Bonhams withdraw Roman sculptures with 'Medici link ' from auction
Thursday 29 April 2010
A collection of Roman sculptures that was due to be sold at Bonhams auction house in London yesterday has been withdrawn amid concerns that the statues may have originally been illegally excavated.
The concerns were raised by Cambridge researcher and archaeologist, Christos Tsirogiannis and Dr David Gill from Swansea University. Bonhams's lot 137 – a first or second century AD Roman marble figure of a youth – was sold at Sotheby's in 1986, according to Bonhams in the object's collecting history.
In his Looting Matters blog, Dr Gill compares a polaroid photo taken of one of the statues illegally trafficked by the antiquities dealer Giacomo Medici, with the marble figure withdrawn from Bonhams's sale. It appears - almost beyond reasonable doubt - that the statue sold in 1986 as lot 287, lot 137 withdrawn from Bonhams this week, and the looted statue that passed through Medici's hands, are all one and the same.
As Dr Gill puts it: "The issue is why didn't Bonhams suspect this sale?"
Dalya Alberge in the Guardian reports that police have seized photos of four sculptures, which include the marble statue of the youth and three Roman busts, and that Bonhams is now conducting an internal investigation into the history of the items.
The paper also quotes Lord Renfrew, a noted British archaeologist who is vociferous on the subject, as saying: “Such sales are maintaining London's reputation as a clearing house for looted antiquities.”
While objects up for sale at Bonhams are checked against the Art Loss Register (a database of stolen artworks including antiquities), this register does not provide information on antiquities that have been illegally excavated and removed from the ground.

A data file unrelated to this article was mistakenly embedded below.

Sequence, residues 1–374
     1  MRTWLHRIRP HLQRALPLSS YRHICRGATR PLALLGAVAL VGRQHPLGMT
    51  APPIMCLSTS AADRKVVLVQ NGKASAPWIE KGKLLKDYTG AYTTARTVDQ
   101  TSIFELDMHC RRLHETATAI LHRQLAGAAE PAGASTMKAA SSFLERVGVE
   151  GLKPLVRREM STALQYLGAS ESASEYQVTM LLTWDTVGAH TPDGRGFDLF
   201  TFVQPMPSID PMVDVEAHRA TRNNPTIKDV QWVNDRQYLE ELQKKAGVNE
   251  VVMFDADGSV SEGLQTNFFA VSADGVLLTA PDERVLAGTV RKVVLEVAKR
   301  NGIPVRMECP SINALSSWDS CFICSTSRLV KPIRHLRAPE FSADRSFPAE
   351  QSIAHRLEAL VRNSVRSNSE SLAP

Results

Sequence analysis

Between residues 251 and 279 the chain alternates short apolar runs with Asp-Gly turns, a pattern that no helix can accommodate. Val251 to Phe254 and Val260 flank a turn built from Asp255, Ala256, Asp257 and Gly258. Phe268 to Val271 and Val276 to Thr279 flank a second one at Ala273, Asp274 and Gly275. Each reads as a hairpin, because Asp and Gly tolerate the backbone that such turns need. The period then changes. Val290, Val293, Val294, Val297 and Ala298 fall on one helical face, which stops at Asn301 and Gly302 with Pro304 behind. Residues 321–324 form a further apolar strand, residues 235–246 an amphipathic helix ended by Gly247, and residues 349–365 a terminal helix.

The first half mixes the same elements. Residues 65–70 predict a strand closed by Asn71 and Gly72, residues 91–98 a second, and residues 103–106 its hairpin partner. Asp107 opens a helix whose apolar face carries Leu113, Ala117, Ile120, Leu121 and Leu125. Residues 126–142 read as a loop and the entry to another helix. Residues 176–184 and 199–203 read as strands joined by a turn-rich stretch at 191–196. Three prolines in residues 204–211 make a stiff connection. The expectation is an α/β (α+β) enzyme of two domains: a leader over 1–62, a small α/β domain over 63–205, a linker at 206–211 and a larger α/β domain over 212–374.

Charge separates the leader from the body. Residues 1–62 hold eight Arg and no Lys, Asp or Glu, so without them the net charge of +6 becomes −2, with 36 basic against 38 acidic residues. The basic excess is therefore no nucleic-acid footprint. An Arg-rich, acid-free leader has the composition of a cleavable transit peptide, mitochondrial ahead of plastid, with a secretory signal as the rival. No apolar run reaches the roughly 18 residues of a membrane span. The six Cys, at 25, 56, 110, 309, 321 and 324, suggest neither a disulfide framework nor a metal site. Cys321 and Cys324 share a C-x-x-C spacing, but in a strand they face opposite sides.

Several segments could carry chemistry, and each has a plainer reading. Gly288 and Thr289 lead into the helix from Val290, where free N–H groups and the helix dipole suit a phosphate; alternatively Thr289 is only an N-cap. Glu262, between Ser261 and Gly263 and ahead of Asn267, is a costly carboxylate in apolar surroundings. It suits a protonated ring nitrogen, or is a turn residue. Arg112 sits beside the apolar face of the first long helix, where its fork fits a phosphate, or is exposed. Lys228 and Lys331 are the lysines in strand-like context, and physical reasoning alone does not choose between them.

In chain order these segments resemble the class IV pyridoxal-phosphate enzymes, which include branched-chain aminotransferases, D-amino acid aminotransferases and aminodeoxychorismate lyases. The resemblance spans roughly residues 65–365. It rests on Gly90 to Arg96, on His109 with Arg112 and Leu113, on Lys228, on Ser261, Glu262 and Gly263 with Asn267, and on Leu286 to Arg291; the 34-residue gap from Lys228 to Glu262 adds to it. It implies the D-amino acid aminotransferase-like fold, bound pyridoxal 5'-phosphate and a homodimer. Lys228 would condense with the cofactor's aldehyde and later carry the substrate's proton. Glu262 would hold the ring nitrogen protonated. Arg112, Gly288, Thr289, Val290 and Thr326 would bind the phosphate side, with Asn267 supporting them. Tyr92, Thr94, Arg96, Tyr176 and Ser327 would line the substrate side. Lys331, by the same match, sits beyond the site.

In 2008 Bonhams withdrew 10 lots from an auction 24 hours before the sale was to go ahead after the Italian government raised questions over the provenance of the Roman artefacts.
Question marks remains over the due diligence carried out by Bonhams if looted antiquities are able slip through the net and onto its catalogues. The other three sculptures that were withdrawn from yesterday's sale are three Roman funerary busts that, according to Looting Matters, were once part of the archive of disgraced art dealer Robin Symes, who was jailed in 2005 and whose name has been linked to Giacomo Medici.
Giacomo Medici's fall from grace has been documented in the book The Medici Conspiracy by Peter Watson and Cecilia Todeschini.
Life & Style blogs
Alexander McQueen at auction: What makes a really great piece of fashion?
A bottle of wine a day is not bad for you and abstaining is worse than drinking, scientist claims
No female ejaculation, please, we’re British: a history of porn and censorship
Stressed nurses are 'forced to choose between health of patients and their own'
Pornhub: Kim Kardashian's sex tape is the most-watched porn video of all-time
Disgruntled RBS worker writes hilarious open letter to Russell Brand after anti-capitalist publicity stunt leaves him hungry
Nigel Farage defends Kerry Smith 'ch***y' comment: 'If you are going for a Chinese, what do you say you’re going for?'
Nigel Farage's approval rating hits 'record low' as popularity suffers in wake of Ukip sex scandal
Pakistan school attack live: Taliban kill at least 132 children in 'horrifying' massacre
Sony hack: Angelina Jolie branded 'seriously out of her mind' in further embarrassing leaked email saga
Panic Saturday: 13 million Britons spend £1.2bn – while 13 million others across the country live in poverty unable to afford food
- 1 Nigel Farage: Me vs Russell Brand on Question Time – he's got the chest hair but where are his ideas?
- 2 Harry Potter fans can apply to the Hogwarts-inspired College of Wizardry
- 3 Jessica Chambers: 19-year-old woman 'doused with lighter fluid and burned alive' in the US
- 4 Russell Brand calls Nigel Farage 'poundshop Enoch Powell' in BBC Question Time debate
- 5 Orange Wednesdays are no more
£30000 - £35000 per annum: Recruitment Genius: An opportunity has arisen for a...
£30000 - £35000 per annum: Recruitment Genius: An exciting opportunity to join...
£30000 - £35000 per annum: Recruitment Genius: We have an excellent role for a...
Negotiable: Recruitment Genius: An IT Support Analyst is required to join the ...